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Aligarh’s status

Aligarh’s status

IN Pakistan and in India there are ‘old boys’ who recall with nostalgia their days at the Aligarh Muslim University (AMU). This historic institution is now under attack. “It is the stand of the Union of India that AMU is not a minority university. As the executive government at the centre we cannot be seen as setting up a minority institution in a secular state.”

This formal statement to the Supreme Court of India, on Jan 11, by the attorney general of India, Mukul Rohatgi, was made with full deliberation by the government of India.

The statement is preposterous on the face of it. India is a secular state by the explicit terms of its Constitution. It is this secular Consti­tution which confers on the minorities a fundamental right in Article 30(1): “All minorities whether based on religion or language shall have the right to establish and administer educational institutions of their choice.”

On Oct 20, 1967, the Supreme Court held, shockingly, that the AMU was not a minority institution established by the Muslims; but by the Indian government, through a central law; namely, the Aligarh Muslim University Act, 1920. The court accepted that a university is an educational institution.

It said also “it may be that the 1920 act was passed as a result of the efforts of the Muslim minority. But that does not mean that the Aligarh University when it came into being under the 1920 act was established by the Muslim minority”. Why? Because, “It would not be possible for the Muslim minority to establish a university of the kind whose degrees were bound to be recognised by government”.

A minority cannot establish a university even though Article 30(1) gives it the right to do so. A university has a legal personality which only a statute can confer.

H.M. Seervai showed the court’s interpretation to be erroneous by its omission of a more important feature. “The essential feature of a university seems to be that it was incorporated as such by the sovereign power”. Thus, “the whole basis of the Supreme Court’s judgement disappears”.

The Muslims brought the university into existence “in the only manner in which a university could be brought into existence; namely, by invoking the exercise by the sovereign authority of its legislative power. The Muslim community provided lands, buildings, colleges and endowments for the university, and without these the university as a body corporate would be an unreal abstraction”.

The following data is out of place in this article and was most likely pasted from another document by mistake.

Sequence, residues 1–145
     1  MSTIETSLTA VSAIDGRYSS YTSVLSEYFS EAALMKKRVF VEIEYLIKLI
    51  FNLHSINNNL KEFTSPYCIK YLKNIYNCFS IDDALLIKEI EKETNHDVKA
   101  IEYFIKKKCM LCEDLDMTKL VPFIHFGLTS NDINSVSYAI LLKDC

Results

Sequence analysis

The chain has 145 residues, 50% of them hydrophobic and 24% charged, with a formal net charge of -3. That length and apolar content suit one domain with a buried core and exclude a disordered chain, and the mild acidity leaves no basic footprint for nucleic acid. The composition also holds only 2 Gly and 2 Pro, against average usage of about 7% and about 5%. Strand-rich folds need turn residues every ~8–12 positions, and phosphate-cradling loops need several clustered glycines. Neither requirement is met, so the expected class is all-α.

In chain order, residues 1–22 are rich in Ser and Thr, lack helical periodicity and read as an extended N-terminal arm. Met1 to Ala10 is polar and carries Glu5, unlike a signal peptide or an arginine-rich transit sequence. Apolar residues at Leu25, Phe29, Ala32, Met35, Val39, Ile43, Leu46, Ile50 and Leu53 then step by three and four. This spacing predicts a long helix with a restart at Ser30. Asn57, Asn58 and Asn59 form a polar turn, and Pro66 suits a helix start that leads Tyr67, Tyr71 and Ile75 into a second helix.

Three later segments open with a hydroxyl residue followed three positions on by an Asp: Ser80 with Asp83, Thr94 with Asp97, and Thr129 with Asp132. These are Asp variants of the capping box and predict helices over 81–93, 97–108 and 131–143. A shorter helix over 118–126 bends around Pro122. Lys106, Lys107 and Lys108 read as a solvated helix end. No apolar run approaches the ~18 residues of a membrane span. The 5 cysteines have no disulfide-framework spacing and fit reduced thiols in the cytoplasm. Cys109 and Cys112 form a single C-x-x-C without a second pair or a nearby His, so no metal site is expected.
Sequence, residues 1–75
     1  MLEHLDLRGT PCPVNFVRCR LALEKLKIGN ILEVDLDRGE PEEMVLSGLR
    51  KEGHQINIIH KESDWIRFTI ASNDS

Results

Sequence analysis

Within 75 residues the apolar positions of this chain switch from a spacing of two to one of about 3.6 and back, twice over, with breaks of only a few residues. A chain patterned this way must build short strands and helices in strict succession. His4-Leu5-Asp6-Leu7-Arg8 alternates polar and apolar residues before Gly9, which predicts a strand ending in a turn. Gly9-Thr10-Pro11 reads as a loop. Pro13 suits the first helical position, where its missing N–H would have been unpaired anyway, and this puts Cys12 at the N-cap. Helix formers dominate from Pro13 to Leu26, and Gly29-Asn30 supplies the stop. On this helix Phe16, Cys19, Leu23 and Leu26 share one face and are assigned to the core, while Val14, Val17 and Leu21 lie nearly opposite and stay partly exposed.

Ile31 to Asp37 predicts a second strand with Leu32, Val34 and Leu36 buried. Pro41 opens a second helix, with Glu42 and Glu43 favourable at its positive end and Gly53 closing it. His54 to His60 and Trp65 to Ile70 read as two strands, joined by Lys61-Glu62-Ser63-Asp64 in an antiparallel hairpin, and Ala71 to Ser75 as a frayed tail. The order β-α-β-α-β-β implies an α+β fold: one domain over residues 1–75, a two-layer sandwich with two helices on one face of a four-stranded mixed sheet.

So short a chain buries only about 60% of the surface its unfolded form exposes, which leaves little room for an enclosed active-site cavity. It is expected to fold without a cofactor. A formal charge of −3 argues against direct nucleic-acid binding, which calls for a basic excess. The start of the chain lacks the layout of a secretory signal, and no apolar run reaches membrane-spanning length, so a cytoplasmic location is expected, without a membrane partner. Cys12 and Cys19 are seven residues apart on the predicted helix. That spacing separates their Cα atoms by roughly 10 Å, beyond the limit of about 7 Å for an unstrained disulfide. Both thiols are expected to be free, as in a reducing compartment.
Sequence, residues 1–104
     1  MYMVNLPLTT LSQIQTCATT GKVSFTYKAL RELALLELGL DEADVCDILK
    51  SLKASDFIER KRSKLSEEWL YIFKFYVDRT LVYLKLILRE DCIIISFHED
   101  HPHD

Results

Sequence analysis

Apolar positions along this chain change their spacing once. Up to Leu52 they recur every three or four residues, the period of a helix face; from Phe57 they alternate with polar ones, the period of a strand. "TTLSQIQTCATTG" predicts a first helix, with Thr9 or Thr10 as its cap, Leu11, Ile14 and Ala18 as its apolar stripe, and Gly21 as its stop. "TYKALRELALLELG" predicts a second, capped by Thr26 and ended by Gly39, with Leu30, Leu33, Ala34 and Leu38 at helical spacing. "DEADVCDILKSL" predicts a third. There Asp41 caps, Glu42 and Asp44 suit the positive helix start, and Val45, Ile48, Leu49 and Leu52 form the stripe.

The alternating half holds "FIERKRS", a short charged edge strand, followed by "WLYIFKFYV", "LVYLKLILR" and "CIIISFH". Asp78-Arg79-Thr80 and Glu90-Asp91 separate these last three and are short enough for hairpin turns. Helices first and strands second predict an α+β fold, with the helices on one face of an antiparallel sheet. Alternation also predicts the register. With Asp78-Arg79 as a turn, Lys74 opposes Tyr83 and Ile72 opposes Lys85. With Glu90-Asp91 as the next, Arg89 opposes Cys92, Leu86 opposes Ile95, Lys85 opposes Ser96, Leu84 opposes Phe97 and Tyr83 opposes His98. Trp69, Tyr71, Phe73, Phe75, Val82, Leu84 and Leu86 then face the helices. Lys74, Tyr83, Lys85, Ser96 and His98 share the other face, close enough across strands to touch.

Besides, “the Supreme Court overlooked the fact that the very object of establishing a university for a community would be defeated if its degrees were not recognised by government”.

In 1915, the Banaras Hindu University Act was passed by the central legislature. The Aligarh Muslim University Act was passed in 1920. Its object was “to establish and incorporate a teaching and residential Muslim university at Aligarh and to dissolve the societies registered under the Societies Registration Act, 1860, which are respectively known as the Muhammadan Anglo-Oriental College, Aligarh, and the Muslim University Association, and to transfer and vest in the said university all properties and rights of the said societies and other Muslim university foundation committees.”

The speech in August 1920 by Sir Mohammed Shafi, who, as education member of the government, piloted the bill through the Central Legislative Council is revealing.

Sir Shafi traced the entire history of the Aligarh movement and stated: “The hon’ble members will also be glad to hear that the government of India hopes to give substantial financial assistance to the proposed university in order to mark their own goodwill towards an institution which they earnestly hope will be a source of immense benefit to the Indian Muslims.”

The movement for a Muslim university had begun well before the act of 1920. On Dec 30, 1912, Mohammad Ali Jinnah was appointed member of the AMU Foundation Com­mittee. The Aga Khan and Raja Sahib Mehmudabad were in the forefront. The act was negotiated by Muslim leaders with the government.

In 1965, M.C. Chagla, the then education minister, amended the act to reduce the AMU to a government department. The Supreme Court upheld this amendment. His successor Nurul Hasan toed the line.

The damage done by them was undone in 1981 when the act was amended to define the AMU as “the educational institution of their choice established by the Muslims of India, which originated as the Muhammadan Anglo-Oriental College, Aligarh, and which was subsequently incorporated as the Aligarh Muslim University”.

But, over a decade later the Allahabad High Court held this formulation illegal. In the Supreme Court the Modi government is set to pursue the old BJP policy — the AMU is not a Muslim university in the appeals filed by Muslims.

The writer is an author and a lawyer based in Mumbai.

Published in Dawn, January 30th, 2016

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